Perception of Time in Different Cultures Tense and aspect in the

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					Perception of Time in Different Cultures

 Tense and aspect in the English modality system
         as a source of misinterpretation

            Dr. Klementina Jurančič Petek,
         Oddelek za anglistiko in amerikanistiko,
            Filozofska fakulteta v Mariboru

- not only the vocabulary
- but also the grammar


- technical texts
- social studies texts

- can be technical texts in terms of
  vocabularly frequently involved in and
  relating to e.g. architectural elements

- can be considered social studies texts in
  terms of recreating historical events
In the fomer case (technical texts):
- the present tense forms (and expressions
  of present time, e.g. the present perfect) are
  usually used

In the latter case (cult.-historical texts):
- the past tense and the past perfect tense
   are usually used in temporal function and
   modal past perfect and past conditionals
   for speculations of past events
           Past conditional
Past conditional or hypothetical past as in: e.g.
 I would have helped you, but I was busy
 If you had asked me, I would have helped

It consists of:
   modal verb + have + past participle
   Two reasons why hypothetical past causes
   problems to the Slovene speakers of ESL:

1. present perfect form of “have + participle”
   (Slovene has no one-to-one equivalent for
   the English (present) perfect tense)

2. non-existence of a separate hypothetical
    past form in Slovene (the Slovene pogojnik
    is shared with hypothetical present)
       Time – Tense - Aspect

Past English grammar texts considered:

aspect: simple (indef.) vs. continuous (progr.)

tense: perfect tenses
Contemporary English grammar texts:

aspect: simple (indef.) vs. continuous

aspect: perfect tenses
What is aspect when it comes to

 Aspect in perfectives is the semantic and
 pragmatic features these tenses express
 connecting the past time with the present
 time (e.g. result, consequence,
 experience, continuation, explanation)
 rendering the action to be conceived as
 incomplete, as going on, in progress or
… which brings them closer to aspect in the
 traditional sense, namely “the grammatical
 category of the verb which expresses the
 manner in which the action or state is
 presented by the speaker…” (the simple
 (indefinite) and continuous (progressive)
 forms of the verb as we know them)

Non-native speaker – instance vs. continuation.
Indefinite: the speaker feels the action as
  unlimited in its frequentative, permanent or
  durational character
E.g. “Celje lies in Slovenia”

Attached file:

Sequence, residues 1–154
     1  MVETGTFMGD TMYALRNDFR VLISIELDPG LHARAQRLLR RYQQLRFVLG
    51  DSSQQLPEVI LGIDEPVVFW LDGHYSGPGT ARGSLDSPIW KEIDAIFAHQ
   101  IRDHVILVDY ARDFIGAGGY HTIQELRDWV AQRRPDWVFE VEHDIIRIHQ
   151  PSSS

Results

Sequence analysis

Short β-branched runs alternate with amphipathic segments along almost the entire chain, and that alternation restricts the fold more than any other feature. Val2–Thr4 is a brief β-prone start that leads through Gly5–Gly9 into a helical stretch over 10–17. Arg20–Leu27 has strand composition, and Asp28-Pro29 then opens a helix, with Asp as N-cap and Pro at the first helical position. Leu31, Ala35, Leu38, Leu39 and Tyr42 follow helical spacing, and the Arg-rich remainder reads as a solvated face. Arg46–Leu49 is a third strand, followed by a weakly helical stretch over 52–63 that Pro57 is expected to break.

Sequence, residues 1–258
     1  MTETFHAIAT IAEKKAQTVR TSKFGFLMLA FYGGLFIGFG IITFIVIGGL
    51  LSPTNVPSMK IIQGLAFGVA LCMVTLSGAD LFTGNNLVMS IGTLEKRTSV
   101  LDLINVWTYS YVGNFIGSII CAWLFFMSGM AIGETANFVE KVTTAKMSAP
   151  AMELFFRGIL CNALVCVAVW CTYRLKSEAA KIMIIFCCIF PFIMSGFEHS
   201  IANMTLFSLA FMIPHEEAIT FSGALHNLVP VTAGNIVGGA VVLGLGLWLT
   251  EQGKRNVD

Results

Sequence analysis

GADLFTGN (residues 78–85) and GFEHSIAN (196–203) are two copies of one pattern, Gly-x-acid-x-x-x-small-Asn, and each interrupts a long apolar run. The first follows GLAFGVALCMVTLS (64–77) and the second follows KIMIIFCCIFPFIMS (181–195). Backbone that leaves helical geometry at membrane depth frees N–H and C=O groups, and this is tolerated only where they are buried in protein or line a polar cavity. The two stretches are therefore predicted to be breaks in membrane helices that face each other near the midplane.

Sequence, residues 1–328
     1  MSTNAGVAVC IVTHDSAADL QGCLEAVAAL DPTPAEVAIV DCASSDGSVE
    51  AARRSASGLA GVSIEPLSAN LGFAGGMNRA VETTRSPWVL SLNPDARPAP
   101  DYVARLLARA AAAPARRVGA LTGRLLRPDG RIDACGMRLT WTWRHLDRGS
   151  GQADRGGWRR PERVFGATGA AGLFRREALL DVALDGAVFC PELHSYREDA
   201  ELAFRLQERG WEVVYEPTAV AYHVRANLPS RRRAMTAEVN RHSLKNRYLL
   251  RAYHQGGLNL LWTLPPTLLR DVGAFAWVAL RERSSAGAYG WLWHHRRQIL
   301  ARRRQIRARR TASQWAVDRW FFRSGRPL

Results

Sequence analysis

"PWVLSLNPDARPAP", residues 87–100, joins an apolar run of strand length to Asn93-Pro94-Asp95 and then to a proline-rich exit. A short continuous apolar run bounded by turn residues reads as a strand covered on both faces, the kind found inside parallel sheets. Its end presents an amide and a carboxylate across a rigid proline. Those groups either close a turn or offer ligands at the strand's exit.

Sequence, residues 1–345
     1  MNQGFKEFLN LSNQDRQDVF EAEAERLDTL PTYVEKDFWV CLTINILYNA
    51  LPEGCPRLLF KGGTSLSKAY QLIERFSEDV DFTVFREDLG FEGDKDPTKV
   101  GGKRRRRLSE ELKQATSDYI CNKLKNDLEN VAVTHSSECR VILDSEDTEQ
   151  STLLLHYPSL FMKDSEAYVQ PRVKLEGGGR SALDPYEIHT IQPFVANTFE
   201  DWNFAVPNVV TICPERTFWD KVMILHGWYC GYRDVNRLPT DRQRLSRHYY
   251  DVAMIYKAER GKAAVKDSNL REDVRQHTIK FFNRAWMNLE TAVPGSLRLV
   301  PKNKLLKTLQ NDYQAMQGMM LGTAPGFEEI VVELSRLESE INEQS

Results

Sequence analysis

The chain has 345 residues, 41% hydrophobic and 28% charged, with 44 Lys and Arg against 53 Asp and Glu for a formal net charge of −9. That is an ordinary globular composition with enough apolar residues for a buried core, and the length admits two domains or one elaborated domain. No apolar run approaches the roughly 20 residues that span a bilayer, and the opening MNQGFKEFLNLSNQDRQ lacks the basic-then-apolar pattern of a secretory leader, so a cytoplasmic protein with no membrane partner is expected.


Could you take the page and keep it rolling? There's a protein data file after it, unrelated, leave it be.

Continuous: the speaker feels the action as
  limited in its frequentative, permanent or
  durational character.
E.g. “The dog is lying under the car”
Limiting the unlimited action would result in:
E.g. “Celje is lying in Slovenia”, but
  tomorrow it will lie in Austria.

Unlimiting a temporaly limited action would
   result in:
E.g. “The dog lies under the car.”
It is obviously dead.

Slovene learners usually associate aspect
  only with actions being or not being in
  progress at a certain point of time.

PRES. PERF. “I have opened the window” –
 RESULT = the window is open

PAST T. “I opened the window (yesterday)”.
= the opening of the window took place at a
 certain time in the past

Both sentences are translated into Slovene as:
“Odprl sem okno”
   The Present perfect and Slovenes
Perfect tenses – non-existent in Slovene

Slovene learners of English
- associate them with tense and time rather
  than aspect
- present perfect tense asociated with present
- as a result – the present perfect form in the
  past conditional is associated with the present
          Hypothetical past
e.g. If you had asked me, I would have
  helped you (hypothetical past)

e.g. If you asked me, I would help you.
  (hypothetical present)

Both are translated into Slovene with the
e.g. Če bi me prosil, bi ti pomagal.
The past tense forms of the hypothetical

e.g. If you asked me, I would help you.

 encourages Slovene learners to apply this
 form to present/future and past time alike.

 Association of present perfect to present time
 can result in hypercorrection of the type:

e.g. If you had asked me, I would had helped
Can phenomena such as perfect tenses and
 hypothetical past be learnt by Slovene
 ESL learners by means of acquisition
 without instruction?

Perfect tenses – possibly, not entirely to the
 targeted effect, but merely on the basis of
 contextual clues (good students do it)

Hypothetical past – NO, not without
 instruction (even good students fail)
Thank you!

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